Airplane Costs

Why Boeing Works So Hard to Avoid 'Moonshots'


A visitor watches planes fly past the wing tip of a Boeing 787 Dreamliner, on display during the India Aviation 2014 air show in Hyderabad, India on March 13

Photograph by Dhiraj Singh/Bloomberg

A visitor watches planes fly past the wing tip of a Boeing 787 Dreamliner, on display during the India Aviation 2014 air show in Hyderabad, India on March 13

When it comes to new airplanes, Boeing (BA) doesn’t want to reinvent the wheel. Or the wing, or fuselage, or much else until it really, really needs to do so.

As part of a multiyear effort to boost the output of its commercial airplane division, wring costs from its suppliers, and improve returns for shareholders, the airplane maker proudly touts its new-found religion when it comes to limiting financial risks and avoiding the kind of “moonshot” programs best represented by such milestones as the revolutionary 707 jet and new 787 Dreamliner, a technical advance owing to its carbon-fiber body and heavy use of rechargeable batteries.

“The more-for-less world will not let you pursue moonshots,” Boeing Chief Executive Jim McNerney told investors Wednesday at a company conference in Seattle. The kind of generational technology leaps that once marked new airplane models have given way, he explained, to more cost-effective incrementalism in the approach to design and building. “What we’re learning now is how to maintain platforms over a long period and spiral in technology.” One example: Boeing’s best-selling 737, which dates to 1967 and is being fitted with new engines for the next-generation 737 MAX version.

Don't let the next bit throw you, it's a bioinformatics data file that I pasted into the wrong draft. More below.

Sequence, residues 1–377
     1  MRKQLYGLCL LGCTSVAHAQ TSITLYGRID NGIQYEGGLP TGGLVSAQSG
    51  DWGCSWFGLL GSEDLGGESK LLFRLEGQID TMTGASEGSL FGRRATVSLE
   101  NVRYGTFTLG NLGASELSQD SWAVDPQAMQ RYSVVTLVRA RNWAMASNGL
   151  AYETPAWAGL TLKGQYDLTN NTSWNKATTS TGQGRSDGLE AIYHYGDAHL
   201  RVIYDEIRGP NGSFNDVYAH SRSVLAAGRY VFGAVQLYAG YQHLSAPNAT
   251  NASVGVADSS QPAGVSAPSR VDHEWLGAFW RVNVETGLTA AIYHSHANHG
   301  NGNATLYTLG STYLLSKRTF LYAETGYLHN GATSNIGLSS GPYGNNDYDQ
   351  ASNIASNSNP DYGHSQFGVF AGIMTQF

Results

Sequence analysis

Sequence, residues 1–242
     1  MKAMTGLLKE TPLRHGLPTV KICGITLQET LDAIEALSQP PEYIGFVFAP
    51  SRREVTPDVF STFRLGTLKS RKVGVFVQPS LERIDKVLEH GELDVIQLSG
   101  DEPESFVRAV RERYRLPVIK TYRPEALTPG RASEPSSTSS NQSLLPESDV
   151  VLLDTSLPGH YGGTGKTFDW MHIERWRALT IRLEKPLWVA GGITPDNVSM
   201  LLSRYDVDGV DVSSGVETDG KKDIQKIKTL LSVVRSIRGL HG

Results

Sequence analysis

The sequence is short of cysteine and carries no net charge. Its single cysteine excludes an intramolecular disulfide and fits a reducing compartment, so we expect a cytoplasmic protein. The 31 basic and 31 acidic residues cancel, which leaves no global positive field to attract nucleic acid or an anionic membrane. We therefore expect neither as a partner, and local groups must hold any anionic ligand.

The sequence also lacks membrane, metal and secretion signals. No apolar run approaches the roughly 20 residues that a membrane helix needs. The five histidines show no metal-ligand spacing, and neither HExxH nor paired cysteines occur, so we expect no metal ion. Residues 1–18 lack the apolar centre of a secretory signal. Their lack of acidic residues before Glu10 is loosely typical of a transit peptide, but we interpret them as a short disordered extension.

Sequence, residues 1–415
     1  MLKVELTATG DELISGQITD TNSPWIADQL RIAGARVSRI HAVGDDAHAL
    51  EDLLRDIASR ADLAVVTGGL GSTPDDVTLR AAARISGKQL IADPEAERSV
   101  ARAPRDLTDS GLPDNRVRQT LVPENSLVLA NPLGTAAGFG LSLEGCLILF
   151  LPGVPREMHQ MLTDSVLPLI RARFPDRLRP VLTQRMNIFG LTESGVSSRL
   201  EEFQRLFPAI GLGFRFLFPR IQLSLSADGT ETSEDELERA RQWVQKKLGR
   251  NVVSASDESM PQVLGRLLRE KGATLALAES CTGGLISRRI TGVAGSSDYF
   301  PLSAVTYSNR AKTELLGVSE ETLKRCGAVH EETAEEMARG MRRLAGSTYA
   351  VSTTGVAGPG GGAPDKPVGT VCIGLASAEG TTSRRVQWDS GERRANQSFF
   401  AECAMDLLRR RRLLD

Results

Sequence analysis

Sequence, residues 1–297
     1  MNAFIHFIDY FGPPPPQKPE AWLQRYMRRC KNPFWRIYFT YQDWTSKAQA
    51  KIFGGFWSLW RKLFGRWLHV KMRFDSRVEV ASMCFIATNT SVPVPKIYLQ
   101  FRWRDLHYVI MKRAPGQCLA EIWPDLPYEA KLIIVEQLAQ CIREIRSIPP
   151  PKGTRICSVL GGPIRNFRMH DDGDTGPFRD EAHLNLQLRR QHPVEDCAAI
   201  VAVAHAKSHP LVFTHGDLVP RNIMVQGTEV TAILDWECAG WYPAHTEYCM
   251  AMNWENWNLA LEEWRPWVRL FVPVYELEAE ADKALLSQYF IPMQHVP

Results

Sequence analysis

That method is aimed at letting Chicago-based Boeing assume fewer financial burdens for new products, avoiding what McNerney called “apocryphal risk” every quarter-century when an all-new aircraft is planned. “That’s the wrong way to pursue this business,” he says.

Boeing’s recent travails with its 787 Dreamliner—which won’t see profitability until 2015 and possibly later—is one of the primary reasons why the company has changed its thinking on how much revolutionary tinkering it will fund for new programs. The 787 program suffered several delays and cost overruns because of its far-flung supply chain, including expensive rework required on many of the initial planes. Boeing assembles 787s in Everett, Wash., and North Charleston, S.C., from parts flown in from Japan and Italy.

McNerney said Boeing’s largest 787—the planned 787-10 version, expected to be delivered in 2018—”would have been a more unique airplane in a prior Boeing life.” The company’s new 777X also generated heavy internal debate about how much new technology Boeing should apply to the airplane. “We want to be more like Apple (AAPL) than the apocryphal, every 25 years, because the risk in this company is in the integration, is in the [building].”

Boeing executives on Wednesday also outlined their progress at squeezing $2 billion in structural costs from the company’s defense business and improving its market share in the single-aisle aircraft market, where it has about a 50 percent market share. Moreover, Boeing is working to extract cost savings from its suppliers, which represent as much as 70 percent of the company’s costs, President and Chief Operating Officer Dennis Muilenberg said.

Bachman is an associate editor for Businessweek.com.

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Companies Mentioned

  • BA
    (Boeing Co/The)
    • $127.32 USD
    • 1.01
    • 0.79%
  • AAPL
    (Apple Inc)
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